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PTU-181 Relationship Between Barrett’s Oesophagus And Abdominal Adiposity Or Bmi And Activated Pathways In Progression To Cancer
  1. S DiCaro1,
  2. WH Cheung1,
  3. R Haidry1,
  4. L Fini2,
  5. M Keane1,
  6. L Lovat1,
  7. R Batterham1,
  8. M Banks1
  1. 1Gastroenterology, UCH, London, UK
  2. 2Gastroenterology, Busto Arstizio Hospital, Milan, Italy


Introduction Barrett’s oesophagus (BE) remains the strongest risk factor for oesophageal adenocarcinoma (OAC). Several studies describe an association between BE and obesity through mechanical and metabolic consequences. Visceral fat is a recognised endocrine organ. Adipokines and insulin resistance impact upon obesity-related diseases and cancer pathways. Our aims were to evaluate the relationship between BE, abdominal adiposity/BMI and pathways in the progression to cancer.

Methods Height, weight, waist-hip ratio, blood pressure assessment and fasting blood samples were obtained from sequential patients (pts), undergoing gastroscopy. BMI, fasting glucose and insulin, lipids, leptin and adiponectin were measured. Pts were then classified as normal-weight, overweight or obese and the presence of abdominal obesity (AO) and/or metabolic syndrome (MS, defined by WHO criteria) documented., to evaluate the relationship between BMI and abdominal adiposity with metabolic indices and adipokines in BE compared to controls. Biopsies were obtained from BE and histological progression to cancer was correlated with metabolic indexes. Chi square, Fisher, t-Student test and logistic analysis were used for comparison.

Results 480 patients were enrolled (250 cases: F/M: 57/193; mean age: 63.7; 230 controls: F/M: 136/94; mean age: 51.9). Metabolic derangements were more common in BE compared to controls; Metabolic syndrome (33.2 vs 20%; OR 1.95; p = 0.0017), insulin levels (10.2 vs 7.2µIU/ml; p = 0.001), HbA1c (5.8 vs 5.1%; p < 0.01), insulin resistance (47 vs 27%; OR 1.54; p < 0.01), dyslipidaemia (72.8 vs 53.9; OR 2.3; p < 0.0001) and hypertension (37.4 vs 21.3%; OR 2.4; p < 0.001). MS was present in 39.7 vs 34.2% (OR 3.05; p < 0.001), 43.7 vs 21.9% (OR 5.2; p < 0.001), 92.1 vs 54.9% (OR 8.08; p < 0.0001), in overweight, obese, AO pts with BE and controls, respectively. Insulin resistance was present in 39.2 vs 33.8% (OR 1.3; p < 0.05), 38 vs 22.3% (OR 1.7; p < 0.01) and in 82.5 vs 54.5% (OR 1.5; p < 0.001) in overweight, obese and AO pts, respectively. A trend was observed for decreased adiponectin levels in BE vs controls while leptin levels showed no correlation. In BE pts, the presence of dysplasia was associated with MS (42 vs 25%; p = 0.005) and and insulin resistance (51.4 vs 34.0%; p = 0.005).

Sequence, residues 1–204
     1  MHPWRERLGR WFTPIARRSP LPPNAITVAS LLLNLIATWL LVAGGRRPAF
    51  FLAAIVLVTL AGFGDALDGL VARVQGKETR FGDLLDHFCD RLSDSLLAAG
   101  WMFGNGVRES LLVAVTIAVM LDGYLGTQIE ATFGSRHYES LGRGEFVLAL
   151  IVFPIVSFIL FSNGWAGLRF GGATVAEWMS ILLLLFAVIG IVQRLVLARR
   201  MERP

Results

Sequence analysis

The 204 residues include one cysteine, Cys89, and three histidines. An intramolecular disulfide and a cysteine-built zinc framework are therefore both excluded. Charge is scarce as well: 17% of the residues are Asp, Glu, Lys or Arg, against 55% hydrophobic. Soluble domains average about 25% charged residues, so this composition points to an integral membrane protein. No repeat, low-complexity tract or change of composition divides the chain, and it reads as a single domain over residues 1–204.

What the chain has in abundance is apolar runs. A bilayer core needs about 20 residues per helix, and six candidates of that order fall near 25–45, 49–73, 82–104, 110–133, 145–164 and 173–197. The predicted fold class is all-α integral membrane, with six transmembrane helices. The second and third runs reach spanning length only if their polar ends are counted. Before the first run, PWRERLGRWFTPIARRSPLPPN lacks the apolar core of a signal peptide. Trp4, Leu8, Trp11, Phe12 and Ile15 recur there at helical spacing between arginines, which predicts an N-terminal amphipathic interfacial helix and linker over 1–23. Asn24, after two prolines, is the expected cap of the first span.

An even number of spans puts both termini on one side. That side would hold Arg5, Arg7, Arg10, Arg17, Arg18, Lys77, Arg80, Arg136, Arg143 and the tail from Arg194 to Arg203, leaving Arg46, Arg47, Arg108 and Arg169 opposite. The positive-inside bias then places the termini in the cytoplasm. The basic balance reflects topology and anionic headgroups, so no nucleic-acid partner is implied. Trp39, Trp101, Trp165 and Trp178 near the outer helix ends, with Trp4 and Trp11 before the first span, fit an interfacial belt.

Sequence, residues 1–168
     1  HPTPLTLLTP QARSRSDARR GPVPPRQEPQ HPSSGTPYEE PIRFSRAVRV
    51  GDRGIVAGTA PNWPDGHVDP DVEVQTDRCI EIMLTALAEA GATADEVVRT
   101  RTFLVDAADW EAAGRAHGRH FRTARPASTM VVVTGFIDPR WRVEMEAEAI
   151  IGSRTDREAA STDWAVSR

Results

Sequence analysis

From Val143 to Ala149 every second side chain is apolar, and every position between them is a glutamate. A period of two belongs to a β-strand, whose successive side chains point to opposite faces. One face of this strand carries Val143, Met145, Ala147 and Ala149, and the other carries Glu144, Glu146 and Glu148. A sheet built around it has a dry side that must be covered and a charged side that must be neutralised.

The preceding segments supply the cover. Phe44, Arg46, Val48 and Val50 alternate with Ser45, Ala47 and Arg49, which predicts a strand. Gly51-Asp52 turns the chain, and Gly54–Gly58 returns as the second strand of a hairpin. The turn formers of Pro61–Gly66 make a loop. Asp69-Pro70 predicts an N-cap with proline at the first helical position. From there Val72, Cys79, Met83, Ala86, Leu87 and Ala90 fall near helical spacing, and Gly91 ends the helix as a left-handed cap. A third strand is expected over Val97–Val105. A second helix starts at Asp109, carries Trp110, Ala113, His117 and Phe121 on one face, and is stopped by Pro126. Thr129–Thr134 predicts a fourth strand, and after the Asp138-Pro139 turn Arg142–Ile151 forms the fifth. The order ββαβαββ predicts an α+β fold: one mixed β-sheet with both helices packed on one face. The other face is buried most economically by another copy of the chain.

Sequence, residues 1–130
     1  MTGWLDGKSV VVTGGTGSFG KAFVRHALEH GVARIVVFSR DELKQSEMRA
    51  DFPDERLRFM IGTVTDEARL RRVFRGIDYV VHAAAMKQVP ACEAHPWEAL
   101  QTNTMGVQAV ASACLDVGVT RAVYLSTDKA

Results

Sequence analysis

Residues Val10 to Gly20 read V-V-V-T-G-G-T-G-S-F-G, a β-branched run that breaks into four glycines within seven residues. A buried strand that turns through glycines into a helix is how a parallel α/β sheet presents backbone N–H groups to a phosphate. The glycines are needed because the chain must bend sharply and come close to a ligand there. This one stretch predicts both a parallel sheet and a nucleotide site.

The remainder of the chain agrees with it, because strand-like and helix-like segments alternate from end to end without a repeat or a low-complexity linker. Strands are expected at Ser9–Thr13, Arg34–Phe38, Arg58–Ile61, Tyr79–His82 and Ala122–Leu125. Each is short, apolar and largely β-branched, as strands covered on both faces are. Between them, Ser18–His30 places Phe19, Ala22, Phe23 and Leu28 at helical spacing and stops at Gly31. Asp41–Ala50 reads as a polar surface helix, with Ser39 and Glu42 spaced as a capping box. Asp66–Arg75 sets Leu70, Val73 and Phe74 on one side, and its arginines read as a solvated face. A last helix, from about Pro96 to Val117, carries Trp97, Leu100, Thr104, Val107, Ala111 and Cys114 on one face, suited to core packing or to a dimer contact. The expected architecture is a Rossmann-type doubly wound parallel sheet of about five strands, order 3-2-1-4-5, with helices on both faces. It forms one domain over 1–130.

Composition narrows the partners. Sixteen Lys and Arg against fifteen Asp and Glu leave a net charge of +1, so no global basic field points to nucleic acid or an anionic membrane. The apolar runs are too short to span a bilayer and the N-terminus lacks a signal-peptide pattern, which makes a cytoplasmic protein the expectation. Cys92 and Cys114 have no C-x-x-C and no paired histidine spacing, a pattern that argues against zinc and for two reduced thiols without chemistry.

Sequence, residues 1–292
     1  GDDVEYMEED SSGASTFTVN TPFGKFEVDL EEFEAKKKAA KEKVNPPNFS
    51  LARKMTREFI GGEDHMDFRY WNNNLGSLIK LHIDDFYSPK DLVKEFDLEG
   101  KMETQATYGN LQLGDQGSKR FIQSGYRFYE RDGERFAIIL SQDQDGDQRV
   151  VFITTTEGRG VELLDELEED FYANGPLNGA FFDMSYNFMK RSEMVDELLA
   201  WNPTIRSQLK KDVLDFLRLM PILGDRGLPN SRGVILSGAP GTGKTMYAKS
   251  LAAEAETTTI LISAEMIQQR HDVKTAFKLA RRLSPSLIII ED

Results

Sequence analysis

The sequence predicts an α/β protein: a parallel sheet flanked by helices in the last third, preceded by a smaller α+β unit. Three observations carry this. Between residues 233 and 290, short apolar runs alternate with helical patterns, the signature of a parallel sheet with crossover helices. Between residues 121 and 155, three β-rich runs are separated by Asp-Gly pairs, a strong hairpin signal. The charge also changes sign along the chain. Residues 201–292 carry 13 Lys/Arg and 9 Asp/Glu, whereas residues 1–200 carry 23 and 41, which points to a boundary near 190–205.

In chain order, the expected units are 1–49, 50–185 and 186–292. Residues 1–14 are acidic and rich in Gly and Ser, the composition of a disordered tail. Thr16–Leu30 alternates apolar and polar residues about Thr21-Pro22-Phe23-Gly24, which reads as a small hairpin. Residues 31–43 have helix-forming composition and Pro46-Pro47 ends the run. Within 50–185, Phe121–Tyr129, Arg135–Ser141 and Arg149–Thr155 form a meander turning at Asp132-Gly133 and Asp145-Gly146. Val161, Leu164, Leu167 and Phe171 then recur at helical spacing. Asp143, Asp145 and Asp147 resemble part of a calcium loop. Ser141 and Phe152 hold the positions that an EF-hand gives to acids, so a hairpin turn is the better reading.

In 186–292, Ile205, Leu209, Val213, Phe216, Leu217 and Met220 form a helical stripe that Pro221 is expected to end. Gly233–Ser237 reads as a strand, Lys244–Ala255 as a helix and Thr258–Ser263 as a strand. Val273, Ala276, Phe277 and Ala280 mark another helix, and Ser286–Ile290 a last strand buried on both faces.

Conclusion BE association with insulin resistance and MS suggests activation of specific metabolic pathways in pts with abdominal obesity or BMI. Progression to cancer appears driven by metabolic dysfunction in MS and a carcinogenic insulin pathway.

Disclosure of Interest None Declared.

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